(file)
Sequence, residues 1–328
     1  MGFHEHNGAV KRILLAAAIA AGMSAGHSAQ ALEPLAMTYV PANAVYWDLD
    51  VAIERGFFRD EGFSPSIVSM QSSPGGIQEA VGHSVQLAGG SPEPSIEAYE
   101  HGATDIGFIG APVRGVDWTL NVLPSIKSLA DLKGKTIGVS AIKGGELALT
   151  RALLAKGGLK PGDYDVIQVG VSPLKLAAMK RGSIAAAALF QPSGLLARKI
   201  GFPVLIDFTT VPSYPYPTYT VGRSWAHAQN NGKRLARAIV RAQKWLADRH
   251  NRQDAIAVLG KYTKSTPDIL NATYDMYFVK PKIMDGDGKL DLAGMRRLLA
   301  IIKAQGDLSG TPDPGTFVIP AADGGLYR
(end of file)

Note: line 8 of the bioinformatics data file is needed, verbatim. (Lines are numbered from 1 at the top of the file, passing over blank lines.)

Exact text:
   301  IIKAQGDLSG TPDPGTFVIP AADGGLYR